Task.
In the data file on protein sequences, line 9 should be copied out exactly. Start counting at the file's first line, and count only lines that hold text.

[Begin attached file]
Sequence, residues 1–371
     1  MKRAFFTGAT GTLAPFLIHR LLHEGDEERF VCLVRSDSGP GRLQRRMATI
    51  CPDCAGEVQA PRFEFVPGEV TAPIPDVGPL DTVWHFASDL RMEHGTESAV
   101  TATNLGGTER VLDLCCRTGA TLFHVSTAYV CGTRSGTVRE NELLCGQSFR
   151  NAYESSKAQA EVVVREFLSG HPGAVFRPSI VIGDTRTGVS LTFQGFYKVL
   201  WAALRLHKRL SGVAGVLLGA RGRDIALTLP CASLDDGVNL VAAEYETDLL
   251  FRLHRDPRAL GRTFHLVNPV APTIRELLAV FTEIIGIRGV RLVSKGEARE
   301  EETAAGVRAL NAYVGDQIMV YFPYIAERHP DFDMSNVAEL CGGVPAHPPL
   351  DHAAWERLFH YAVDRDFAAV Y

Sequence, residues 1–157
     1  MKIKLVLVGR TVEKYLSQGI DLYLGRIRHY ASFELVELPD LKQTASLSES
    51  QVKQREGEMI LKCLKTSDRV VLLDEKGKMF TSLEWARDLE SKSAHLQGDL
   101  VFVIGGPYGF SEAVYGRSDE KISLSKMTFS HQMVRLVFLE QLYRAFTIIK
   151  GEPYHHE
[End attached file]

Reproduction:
   351  DHAAWERLFH YAVDRDFAAV Y